Day-Night Test & Dew Factor: A Problem at Hand For Ganguly & Co

BCCI chief Sourav Ganguly & the people at CAB are looking at some options to make sure dew doesn’t play a spoilsport

2 min read
File picture of Eden Gardens.

Soon after the announcement was made on Tuesday, 30 October, that Team India were set to play their maiden day-night Test next month at the Eden Gardens in Kolkata, the biggest concern from thereon was how big a role would the dew factor play in the landmark Test.

Indian grounds, especially in the northern and eastern parts of the country, are infamous for their dew-related issues and how they have influenced the results of matches in the past.

But newly elected BCCI chief Sourav Ganguly was quick to play down the concerns.

“We will sort this out. We will make sure there’s no dew. After all, day-night one-dayers are played here. There’s this dew treatment spray and all. Nothing will happen,” Ganguly told PTI on Tuesday.


Chemical sprays have been used to offset the dew in the past as well. APSA-80, a chemical manufactured by Amway, has been employed in the past for ICC tournaments as well as other international matches.

But the method had only limited success. Ropes, super-soppers and mops have also been tried as solutions, but the dew factor continues to play a critical role in the sub-continent during day-night encounters.

Under this scenario, Sujan Mukherjee, the pitch curator at Eden Gardens, offered a better solution to overcome the dew problem.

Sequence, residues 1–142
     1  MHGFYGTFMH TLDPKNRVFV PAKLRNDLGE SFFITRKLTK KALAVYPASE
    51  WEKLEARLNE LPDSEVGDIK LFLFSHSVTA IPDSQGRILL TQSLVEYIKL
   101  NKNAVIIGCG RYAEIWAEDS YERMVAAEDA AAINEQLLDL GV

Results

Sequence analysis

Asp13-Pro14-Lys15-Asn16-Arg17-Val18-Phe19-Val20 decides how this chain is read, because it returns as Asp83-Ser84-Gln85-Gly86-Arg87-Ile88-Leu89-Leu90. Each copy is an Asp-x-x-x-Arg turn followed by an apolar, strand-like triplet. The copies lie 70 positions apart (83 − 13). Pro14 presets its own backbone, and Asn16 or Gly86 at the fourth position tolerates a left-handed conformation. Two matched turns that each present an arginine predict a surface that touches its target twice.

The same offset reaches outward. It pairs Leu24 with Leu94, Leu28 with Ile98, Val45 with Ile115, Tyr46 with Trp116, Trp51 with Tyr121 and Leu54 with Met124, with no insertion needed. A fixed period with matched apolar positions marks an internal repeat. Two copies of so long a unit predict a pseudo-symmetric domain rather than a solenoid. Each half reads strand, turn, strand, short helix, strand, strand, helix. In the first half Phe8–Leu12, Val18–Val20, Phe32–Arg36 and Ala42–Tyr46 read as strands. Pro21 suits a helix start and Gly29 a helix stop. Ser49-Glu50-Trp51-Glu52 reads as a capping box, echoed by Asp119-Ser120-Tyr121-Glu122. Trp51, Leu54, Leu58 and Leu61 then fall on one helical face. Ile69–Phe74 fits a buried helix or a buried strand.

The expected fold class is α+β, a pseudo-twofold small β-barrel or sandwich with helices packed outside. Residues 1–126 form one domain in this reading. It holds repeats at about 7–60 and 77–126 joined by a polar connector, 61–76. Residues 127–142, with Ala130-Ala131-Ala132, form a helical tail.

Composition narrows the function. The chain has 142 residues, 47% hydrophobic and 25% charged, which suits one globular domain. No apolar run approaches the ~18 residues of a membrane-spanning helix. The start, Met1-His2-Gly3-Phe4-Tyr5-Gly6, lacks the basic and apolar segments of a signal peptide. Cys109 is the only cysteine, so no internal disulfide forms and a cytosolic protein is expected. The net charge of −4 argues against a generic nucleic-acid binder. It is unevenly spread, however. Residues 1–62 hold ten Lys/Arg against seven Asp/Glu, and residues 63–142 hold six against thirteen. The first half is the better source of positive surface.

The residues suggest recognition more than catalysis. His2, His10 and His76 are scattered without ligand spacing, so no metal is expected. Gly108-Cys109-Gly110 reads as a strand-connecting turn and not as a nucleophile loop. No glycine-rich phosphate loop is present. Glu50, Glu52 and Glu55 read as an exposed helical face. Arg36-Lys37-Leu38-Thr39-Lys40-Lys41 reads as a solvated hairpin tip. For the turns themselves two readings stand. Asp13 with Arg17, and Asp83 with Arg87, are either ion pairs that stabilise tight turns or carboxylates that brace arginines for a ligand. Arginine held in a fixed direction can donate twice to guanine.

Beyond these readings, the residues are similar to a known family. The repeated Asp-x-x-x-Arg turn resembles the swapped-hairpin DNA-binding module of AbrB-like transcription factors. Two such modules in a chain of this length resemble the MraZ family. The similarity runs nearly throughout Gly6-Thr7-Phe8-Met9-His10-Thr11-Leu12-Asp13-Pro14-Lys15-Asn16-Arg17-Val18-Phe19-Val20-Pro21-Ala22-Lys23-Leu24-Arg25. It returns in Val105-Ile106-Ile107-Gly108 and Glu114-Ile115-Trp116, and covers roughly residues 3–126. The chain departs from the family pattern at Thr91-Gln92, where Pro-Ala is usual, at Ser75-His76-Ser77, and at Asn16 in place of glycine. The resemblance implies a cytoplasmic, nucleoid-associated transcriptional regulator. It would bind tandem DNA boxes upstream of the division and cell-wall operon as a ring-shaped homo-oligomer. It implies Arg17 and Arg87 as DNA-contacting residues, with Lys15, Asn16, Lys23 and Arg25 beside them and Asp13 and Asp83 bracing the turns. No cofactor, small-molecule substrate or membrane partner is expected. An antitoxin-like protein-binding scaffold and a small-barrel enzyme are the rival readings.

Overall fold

The experienced campaigner said Cricket Association of Bengal (CAB) officials are planning to have an early start to the match. According to him, the second Test will start between 1 pm and 1:30 pm, subject to BCCI's clearance.

A final clearance will come from the BCCI in consultation with the broadcasters.

“Since it’s an early start, the day will get over by 8-8:30 pm. The dew factor comes into play mostly after that, as we have seen in white-ball game this time of the year at Eden. Therefore, I don’t think dew will be a problem,” Mukherjee told IANS.

As far as ‘plan B’ is concerned, Mukherjee reiterated his former boss and former CAB chief Ganguly’s stance. "We also have arrangements to tackle dew issues like treatment sprays and all that," he said.

This might be Team India’s first day-night Test, but this won’t be the first time that a day-night Test is being hosted in India or, as a matter of fact, Kolkata.

Coincidentally, Ganguly himself was instrumental in organising the first ever pink ball match in India – though it was the CAB Super League final between Mohun Bagan and Bhowanipore in June 2016. Ganguly headed the CAB at the time.

In that same year, BCCI also decided to make Duleep Trophy the only day-night first-class tournament to be played with the pink ball. The experiment lasted for three seasons, till 2018.

Back then, the spinners had expressed concerns over the dew factor, which they believe, puts them at a disadvantage.

CAB secretary Avishek Dalmiya has said they will ‘leave no stone unturned to make India's first-ever Day-Night Test a success.’

So, it will be interesting to see what CAB as well as BCCI do to make sure that such a historic moment in Indian cricket is not reduced to a ‘dampener’, quite literally.

(With inputs from PTI & IANS)

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